Certain animals held divine providence among the ancient celts, as exhibited in many European cultures. Julius Caesar notes the sanctity of several animals to the Britons, including the cockerel, the goose and the hare. It’s said these animals were never eaten. Roman historian, Dio Cassius, comments on the hare released by Boudica upon invoking the Iceni war goddess, Andraste:
“Let us, therefore, go against [the Romans], trusting boldly to good fortune. Let us show them that they are hares and foxes trying to rule over dogs and wolves.”
When she [Boudica] had finished speaking, she employed a species of divination, letting a hare escape from the fold of her dress; and since it ran on what they considered the auspicious side, the whole multitude shouted with pleasure, and Boudica, raising her hand toward heaven, said:
“I thank you, Andraste, and call upon you as woman speaking to woman … I beg you for victory and preservation of liberty.”
Little is known of the ancient celts’ goddess Andraste, the hare may have been sacred to her, such as the horse to Epona or Freya’s boar in Norse mythology, or it may have been a living representation of the goddess herself, like The Morrígan appearing as a raven. Regardless, this divination technique was common in pagan Europe, the belief that animals, both wild and domesticated, had sacred qualities. Their augury was held with the highest esteem, wars were declared, and prevented based on the results.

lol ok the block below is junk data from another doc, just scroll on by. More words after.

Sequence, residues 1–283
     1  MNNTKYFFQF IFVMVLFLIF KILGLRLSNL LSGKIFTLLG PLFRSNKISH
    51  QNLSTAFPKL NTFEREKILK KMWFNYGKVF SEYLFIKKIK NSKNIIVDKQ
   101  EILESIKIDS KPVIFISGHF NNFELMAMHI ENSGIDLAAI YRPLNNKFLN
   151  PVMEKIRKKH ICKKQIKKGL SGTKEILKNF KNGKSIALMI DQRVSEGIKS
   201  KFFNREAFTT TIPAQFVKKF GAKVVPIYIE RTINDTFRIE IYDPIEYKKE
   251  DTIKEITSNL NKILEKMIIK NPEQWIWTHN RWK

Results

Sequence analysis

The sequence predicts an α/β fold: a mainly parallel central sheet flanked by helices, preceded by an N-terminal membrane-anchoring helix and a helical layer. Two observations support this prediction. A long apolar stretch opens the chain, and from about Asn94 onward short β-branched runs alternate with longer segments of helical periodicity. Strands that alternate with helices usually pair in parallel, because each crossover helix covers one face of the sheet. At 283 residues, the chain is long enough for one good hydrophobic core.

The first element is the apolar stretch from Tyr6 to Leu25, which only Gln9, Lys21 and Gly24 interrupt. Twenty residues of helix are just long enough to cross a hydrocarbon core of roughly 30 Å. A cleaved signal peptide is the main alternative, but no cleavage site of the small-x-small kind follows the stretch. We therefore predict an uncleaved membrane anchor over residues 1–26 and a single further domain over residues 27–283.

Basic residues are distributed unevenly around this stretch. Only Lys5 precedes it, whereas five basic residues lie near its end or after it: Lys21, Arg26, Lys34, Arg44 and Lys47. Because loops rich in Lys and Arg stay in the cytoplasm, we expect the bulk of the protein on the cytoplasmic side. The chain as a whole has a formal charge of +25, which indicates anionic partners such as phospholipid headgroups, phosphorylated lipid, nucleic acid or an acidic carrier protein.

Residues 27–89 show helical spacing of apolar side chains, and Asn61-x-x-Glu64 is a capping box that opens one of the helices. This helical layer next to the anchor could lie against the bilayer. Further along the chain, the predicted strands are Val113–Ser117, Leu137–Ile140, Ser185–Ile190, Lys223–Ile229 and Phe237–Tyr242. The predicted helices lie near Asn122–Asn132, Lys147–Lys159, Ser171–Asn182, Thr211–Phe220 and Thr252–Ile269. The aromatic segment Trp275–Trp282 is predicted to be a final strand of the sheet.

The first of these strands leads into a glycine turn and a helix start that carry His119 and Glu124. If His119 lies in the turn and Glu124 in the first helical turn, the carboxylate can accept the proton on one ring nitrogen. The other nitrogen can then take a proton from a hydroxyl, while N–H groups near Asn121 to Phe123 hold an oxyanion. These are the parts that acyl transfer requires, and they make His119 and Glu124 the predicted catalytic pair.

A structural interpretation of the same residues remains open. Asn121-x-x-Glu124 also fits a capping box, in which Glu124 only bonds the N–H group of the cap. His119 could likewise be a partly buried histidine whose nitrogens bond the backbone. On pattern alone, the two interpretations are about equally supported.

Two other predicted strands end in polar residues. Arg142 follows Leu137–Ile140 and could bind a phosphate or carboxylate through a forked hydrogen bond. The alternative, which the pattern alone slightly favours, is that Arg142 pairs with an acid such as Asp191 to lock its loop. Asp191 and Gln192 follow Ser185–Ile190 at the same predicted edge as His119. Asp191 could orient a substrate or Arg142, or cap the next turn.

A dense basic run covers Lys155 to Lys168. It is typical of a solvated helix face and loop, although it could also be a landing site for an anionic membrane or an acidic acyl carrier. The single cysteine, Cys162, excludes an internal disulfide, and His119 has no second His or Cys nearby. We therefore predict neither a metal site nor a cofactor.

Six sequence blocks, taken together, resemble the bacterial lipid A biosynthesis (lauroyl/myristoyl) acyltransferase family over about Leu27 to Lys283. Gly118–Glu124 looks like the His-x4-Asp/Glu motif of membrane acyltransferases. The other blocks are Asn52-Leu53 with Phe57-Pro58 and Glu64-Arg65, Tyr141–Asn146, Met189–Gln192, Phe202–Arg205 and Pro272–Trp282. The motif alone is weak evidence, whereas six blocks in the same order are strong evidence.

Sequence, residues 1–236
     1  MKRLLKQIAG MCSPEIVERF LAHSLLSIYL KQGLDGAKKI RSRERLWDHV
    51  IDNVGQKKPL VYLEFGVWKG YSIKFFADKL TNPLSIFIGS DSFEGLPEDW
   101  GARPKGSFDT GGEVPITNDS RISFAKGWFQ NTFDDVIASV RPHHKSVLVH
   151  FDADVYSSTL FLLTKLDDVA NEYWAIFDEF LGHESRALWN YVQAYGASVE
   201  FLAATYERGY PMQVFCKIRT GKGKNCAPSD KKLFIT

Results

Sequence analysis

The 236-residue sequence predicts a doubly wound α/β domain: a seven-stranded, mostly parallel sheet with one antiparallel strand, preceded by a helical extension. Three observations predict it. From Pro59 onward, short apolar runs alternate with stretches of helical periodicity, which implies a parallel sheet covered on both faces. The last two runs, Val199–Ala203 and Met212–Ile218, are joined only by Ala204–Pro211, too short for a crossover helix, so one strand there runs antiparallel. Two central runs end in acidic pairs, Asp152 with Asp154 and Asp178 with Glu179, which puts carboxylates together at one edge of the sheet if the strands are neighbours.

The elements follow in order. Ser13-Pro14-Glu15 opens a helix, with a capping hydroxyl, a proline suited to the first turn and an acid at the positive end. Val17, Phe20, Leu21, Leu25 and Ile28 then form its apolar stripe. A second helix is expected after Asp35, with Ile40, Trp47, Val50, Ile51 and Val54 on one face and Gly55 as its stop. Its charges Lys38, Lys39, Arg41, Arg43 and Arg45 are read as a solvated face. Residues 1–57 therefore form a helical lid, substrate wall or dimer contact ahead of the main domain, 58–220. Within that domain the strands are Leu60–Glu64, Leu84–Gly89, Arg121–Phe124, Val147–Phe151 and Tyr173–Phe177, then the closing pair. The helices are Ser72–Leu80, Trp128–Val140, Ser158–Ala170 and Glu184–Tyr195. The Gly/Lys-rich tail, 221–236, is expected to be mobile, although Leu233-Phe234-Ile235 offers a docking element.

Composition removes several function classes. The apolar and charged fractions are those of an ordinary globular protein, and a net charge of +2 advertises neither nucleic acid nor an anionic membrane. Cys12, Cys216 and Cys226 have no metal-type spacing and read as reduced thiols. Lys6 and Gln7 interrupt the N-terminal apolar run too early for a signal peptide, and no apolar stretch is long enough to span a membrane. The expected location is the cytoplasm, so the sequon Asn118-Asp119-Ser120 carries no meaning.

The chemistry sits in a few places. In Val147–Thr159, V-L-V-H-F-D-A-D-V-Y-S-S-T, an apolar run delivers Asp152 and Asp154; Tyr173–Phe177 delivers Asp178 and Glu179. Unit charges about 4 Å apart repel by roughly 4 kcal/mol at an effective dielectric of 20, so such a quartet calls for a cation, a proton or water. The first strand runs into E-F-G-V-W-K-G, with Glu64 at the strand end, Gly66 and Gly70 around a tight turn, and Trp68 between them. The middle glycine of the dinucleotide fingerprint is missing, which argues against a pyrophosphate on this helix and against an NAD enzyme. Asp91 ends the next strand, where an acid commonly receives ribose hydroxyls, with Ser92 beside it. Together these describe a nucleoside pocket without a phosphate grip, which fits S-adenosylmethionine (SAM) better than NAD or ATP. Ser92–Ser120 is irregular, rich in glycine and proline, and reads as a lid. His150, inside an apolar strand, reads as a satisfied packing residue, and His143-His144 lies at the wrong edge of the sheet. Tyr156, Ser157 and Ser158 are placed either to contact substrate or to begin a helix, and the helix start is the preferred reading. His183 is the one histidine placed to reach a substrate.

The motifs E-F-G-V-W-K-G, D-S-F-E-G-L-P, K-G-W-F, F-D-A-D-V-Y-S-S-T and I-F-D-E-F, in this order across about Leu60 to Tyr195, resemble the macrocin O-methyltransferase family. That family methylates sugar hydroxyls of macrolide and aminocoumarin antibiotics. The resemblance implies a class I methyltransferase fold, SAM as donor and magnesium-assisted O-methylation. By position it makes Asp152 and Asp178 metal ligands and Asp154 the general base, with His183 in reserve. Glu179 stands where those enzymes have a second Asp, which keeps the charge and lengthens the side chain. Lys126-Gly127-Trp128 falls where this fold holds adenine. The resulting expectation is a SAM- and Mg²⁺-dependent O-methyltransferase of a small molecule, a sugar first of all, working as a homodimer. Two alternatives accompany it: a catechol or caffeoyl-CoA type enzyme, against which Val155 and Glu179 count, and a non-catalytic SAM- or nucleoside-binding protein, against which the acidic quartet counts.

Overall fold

Photograph by @alexander.hohenstein, who graciously let us use this wonderful shot for our post. Please check out his page and give him a follow, such a phenomenal photographer deserves a much larger following. I chose this shot as the wolf and its canine descendants have always played an important role in European society, for their association with the healing springs of Gaul, where votive offerings to the gods portray hounds with their masters. Wolves most commonly appear as helpers and guides though, being companions to the ancient celts’ god of the forest Cernunnos, representing honour and loyalty. Other animals signalled out for reverence include stags and boar, cattle, horses and ravens, symbolising virility, spirit and death, respectively. Ravens have even been granted special burials, such as at the Danebury Iron Age hill fort in Hampshire.
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